The simplicity of data presentation, in order to be actionable set this identity apart from the crowd.

What we did

  • Brand identity
  • Data visualisation
  • Report

When CPP came to us, it was clear that they were operating at a level of influence that was far beyond their age. Despite only recently being formed, they wanted to reflect the way in which politics is changing – by being more responsive and open to ideas, with policy designed in and for the real world rather than academia.

Their aims are to:

  • Power a productive, globally competitive economy, which is responsive and adaptive to technological change
  • Finance welfare and high public services that meet modern needs, expectations and the changing world of work
  • Enable greater, more evenly shared, economic prosperity and inclusion

All while providing practical methods for politicians to implement, rather than the abstract white papers and reports that define much think tank output. This required a brand that can represent the complex in a simple way, without being trivial.

Values workshop

Through an extensive workshop with the team, we created a series of brand qualities that would be embedded within their identity and explored in their first report on the UK skills system. These were:

  • Builders of trust
  • Expert reassurance
  • Credible data analysis
  • Simplicity of data presentation in order to have impact
  • Grounded
  • Dynamic but not organic
  • Fresh and different whilst expert
  • Outcomes comprehensible and accessible to everyone
  • Micro level stories backed up by macro data
  • Credibility as currency

Visual identity

The first step was to create a basic identity for the Centre; a logo and choice of typeface. The symbol represents the pulling together of complex and disparate information, to form a coherent narrative which moves things forward.

From this starting point we developed a colourful visual style to be used across CPP’s communications, as well as the extensive range of reports they will produce. As befitting all of the Centre’s work, our main aim was to present information in a way that was relatable to all.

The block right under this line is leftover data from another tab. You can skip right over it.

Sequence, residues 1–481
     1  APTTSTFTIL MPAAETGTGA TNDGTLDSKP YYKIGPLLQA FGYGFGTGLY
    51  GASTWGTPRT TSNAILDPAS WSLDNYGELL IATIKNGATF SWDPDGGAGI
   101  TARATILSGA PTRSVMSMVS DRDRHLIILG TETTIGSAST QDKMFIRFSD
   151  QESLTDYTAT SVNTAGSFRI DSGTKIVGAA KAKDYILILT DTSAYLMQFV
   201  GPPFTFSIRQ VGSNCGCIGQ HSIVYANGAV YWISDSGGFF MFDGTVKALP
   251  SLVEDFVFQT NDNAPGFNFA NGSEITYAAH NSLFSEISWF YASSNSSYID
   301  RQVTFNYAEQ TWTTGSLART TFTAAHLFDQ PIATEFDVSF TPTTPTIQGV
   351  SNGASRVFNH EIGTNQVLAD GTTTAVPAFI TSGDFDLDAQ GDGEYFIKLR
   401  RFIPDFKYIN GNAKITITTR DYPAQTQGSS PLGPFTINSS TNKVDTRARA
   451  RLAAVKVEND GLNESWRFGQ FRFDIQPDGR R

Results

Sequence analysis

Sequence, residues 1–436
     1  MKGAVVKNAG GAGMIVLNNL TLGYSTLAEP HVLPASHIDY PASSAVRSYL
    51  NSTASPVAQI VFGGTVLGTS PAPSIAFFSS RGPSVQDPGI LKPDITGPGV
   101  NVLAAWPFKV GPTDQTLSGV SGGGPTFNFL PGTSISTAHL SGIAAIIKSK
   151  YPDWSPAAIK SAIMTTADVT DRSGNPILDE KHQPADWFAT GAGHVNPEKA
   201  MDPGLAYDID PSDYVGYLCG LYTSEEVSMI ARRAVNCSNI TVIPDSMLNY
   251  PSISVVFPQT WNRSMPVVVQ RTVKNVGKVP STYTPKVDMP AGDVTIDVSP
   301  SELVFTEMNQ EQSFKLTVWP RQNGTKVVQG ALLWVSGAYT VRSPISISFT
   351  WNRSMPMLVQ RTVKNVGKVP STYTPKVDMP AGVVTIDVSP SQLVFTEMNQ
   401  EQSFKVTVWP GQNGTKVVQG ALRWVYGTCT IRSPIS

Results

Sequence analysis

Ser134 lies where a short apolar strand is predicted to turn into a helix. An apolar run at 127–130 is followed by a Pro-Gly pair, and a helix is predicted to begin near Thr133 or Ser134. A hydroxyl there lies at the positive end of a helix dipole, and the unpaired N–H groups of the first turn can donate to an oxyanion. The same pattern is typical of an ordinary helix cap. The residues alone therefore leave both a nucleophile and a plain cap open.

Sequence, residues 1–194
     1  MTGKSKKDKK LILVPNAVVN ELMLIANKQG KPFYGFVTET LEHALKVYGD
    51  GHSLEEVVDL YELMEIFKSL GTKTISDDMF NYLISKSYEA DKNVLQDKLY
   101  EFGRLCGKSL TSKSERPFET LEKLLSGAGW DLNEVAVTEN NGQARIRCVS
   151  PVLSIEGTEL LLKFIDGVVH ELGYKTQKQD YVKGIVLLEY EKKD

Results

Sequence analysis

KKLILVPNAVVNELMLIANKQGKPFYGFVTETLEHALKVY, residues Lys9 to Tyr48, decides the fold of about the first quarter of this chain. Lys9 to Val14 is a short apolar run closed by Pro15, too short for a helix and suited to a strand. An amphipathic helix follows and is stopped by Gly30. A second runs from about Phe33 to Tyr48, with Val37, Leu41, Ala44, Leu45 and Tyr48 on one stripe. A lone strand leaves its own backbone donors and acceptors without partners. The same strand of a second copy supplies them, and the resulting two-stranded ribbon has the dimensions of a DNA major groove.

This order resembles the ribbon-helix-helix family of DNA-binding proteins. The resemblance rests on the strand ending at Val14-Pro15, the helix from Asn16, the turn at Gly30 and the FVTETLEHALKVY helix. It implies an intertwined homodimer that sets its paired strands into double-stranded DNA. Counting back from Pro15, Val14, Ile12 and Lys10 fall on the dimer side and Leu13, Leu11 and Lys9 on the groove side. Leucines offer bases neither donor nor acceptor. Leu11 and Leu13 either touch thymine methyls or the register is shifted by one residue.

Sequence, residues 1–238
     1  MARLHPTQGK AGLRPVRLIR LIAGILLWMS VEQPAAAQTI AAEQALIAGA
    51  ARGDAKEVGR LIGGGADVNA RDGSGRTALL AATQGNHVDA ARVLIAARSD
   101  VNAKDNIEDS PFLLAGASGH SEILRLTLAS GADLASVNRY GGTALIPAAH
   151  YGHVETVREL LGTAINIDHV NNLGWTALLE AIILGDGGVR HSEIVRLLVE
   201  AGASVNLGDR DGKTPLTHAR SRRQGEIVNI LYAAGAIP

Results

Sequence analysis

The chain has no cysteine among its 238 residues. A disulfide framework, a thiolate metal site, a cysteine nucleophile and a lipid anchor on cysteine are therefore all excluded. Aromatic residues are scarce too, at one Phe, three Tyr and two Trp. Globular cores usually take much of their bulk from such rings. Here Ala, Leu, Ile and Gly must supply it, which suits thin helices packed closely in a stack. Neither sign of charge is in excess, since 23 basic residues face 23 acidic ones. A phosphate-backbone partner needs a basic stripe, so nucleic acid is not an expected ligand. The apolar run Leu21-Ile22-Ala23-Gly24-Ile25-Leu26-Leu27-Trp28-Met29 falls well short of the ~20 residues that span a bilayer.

The Centre’s first report argues that for the UK’s skills system to function properly, the pervasive information gaps currently preventing optimal outcomes must be tackled.
To help remove the visual bias that occurs with more traditional geographic-based data visualisation, we created a hex-map of England to show varying skills shortage rates by LEP for skilled trades roles.

Our second publication for the Centre launched their inquiry into health and social care in England. The report made headlines in the national press with the identification of 32 NHS ‘risk zones’, making the link between finance and mortality. The printed report was supported by interactive online maps, allowing news outlets to directly embed the data into their stories.

17% of the population in England reside in 32 ‘Risk Zones’. These are local authorities that are home to both below-average health outcomes and deficit-running NHS trusts. The study found that age-standardised mortality rates for causes considered avoidable, amenable and preventable are 29% higher than in other local authority areas.

William Joseph made time to understand our mission and have delivered a new brand which really clarifies the complex world we work in, whilst helping us stand out to all the right people.

Charlotte Alldritt, Director, Centre for Progressive Policy